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Asperger's Syndrome: Secret to Success

Scientist and autism activist Temple Grandin, PhD, reflects on life with Asperger's syndrome.
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Any other tips?

Parents should also encourage social interaction through shared interest, whether a computer club, band club, or an acting club.

What were your interests growing up?

For me, it was model rockets, riding horses, and electronic lab. I was teased horribly in high school, but when I was horseback riding or in electronic lab, there was no teasing. I was not interested in studying or school until I had a goal of becoming a scientist. To this day, most of my social life revolves around livestock or autism.

In addition to not speaking when you were younger, you also had sensory issues. Do any remain?

I am still overly sensitive to touch, but now these are nuisance issues and not debilitating.

What advice do you have for children with sensory issues?

Sensory problems are common with many different brain disorders. For some children, being in a supermarket feels like they are in a speaker at a rock-and-roll concert or a flicker of light can look like a discotheque. We have to be careful about sensory overload in these kids. I wish there were a lot more research being done on the sensory disorders.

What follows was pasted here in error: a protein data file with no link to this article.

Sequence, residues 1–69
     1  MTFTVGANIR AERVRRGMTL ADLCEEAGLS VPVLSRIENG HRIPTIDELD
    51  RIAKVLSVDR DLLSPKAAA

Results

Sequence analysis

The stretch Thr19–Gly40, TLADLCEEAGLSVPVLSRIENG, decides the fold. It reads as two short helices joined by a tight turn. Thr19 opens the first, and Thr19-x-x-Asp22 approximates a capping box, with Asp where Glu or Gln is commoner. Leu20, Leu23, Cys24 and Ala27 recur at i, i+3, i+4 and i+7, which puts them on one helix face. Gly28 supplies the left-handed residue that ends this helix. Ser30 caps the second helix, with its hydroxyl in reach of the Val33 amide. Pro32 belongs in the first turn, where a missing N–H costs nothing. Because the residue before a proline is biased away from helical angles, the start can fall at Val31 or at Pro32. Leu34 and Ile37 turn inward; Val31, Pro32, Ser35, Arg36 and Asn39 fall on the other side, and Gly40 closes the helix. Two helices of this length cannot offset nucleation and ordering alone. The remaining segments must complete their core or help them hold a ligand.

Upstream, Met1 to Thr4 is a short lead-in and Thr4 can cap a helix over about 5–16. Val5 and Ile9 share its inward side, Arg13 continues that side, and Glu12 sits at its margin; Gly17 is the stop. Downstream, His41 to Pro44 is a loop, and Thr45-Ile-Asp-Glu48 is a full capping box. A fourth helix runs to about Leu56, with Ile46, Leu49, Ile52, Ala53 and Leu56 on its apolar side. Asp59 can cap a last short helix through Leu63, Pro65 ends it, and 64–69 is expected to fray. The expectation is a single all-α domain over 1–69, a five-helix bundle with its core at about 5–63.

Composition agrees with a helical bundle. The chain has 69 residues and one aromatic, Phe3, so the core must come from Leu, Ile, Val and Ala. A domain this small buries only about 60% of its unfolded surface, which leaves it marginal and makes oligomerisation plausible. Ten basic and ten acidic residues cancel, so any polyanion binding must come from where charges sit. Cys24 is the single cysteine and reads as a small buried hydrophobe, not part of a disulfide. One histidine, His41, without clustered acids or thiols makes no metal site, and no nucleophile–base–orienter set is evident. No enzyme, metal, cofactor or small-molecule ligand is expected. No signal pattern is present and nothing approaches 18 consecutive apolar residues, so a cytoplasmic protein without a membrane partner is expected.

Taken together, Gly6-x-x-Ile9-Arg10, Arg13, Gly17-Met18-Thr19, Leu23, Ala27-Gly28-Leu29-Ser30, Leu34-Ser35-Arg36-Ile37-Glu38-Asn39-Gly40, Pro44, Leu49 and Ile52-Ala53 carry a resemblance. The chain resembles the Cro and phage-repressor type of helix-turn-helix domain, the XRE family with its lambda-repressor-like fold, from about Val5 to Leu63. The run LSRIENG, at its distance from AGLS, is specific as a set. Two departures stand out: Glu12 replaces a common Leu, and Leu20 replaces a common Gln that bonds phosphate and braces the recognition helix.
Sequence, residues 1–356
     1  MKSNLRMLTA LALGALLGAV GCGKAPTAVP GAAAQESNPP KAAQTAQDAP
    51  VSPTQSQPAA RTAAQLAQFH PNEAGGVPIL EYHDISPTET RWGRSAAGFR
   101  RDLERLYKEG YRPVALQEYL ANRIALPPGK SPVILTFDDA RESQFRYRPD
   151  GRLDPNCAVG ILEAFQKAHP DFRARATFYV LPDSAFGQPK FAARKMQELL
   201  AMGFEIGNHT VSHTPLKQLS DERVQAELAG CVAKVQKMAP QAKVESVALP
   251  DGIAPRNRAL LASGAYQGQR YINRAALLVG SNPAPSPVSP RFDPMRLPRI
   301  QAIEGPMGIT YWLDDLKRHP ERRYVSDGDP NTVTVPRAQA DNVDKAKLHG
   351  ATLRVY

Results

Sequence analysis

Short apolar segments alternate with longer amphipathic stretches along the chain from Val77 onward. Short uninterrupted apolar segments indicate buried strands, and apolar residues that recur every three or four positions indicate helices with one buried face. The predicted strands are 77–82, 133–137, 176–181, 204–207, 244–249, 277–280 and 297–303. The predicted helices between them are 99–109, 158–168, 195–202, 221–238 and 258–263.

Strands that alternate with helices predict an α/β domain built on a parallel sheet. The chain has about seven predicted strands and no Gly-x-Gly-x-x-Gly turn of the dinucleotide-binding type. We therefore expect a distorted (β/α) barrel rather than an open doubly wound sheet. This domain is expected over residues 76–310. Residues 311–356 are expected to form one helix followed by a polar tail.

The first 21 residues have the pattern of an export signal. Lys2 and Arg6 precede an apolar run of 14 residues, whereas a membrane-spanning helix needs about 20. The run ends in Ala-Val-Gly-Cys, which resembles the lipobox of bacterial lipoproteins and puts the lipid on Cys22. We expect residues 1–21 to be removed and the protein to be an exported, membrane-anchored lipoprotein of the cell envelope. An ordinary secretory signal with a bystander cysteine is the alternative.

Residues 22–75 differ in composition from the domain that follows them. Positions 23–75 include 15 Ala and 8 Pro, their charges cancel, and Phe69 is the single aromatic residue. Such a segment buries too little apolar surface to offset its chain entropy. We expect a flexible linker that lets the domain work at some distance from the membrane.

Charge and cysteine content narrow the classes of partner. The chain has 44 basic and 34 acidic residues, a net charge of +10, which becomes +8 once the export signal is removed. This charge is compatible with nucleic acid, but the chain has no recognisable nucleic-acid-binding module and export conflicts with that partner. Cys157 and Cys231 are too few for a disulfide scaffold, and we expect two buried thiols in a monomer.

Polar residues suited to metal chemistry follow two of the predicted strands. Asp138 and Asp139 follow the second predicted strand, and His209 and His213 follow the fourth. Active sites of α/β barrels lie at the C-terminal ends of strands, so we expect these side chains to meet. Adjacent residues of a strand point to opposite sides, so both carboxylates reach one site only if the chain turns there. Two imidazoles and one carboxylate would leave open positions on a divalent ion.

Any other creative tips on how to get parents to help children overcome their sensory issues?

Try on different color sunglasses at Wal-Mart to see what stops the flicker or get the right computer screen so they don't see the flicker. You can also print on different colored papers to reduce contour and stop flickering.

What is the best advice that you can give parents who are concerned their child might be autistic?

If you have a baby doing odd behavior, don't wait. You have to get someone to do a lot of one-on-one activities with that baby as soon as possible. The worst thing you can do is wait.

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Reviewed on March 26, 2008
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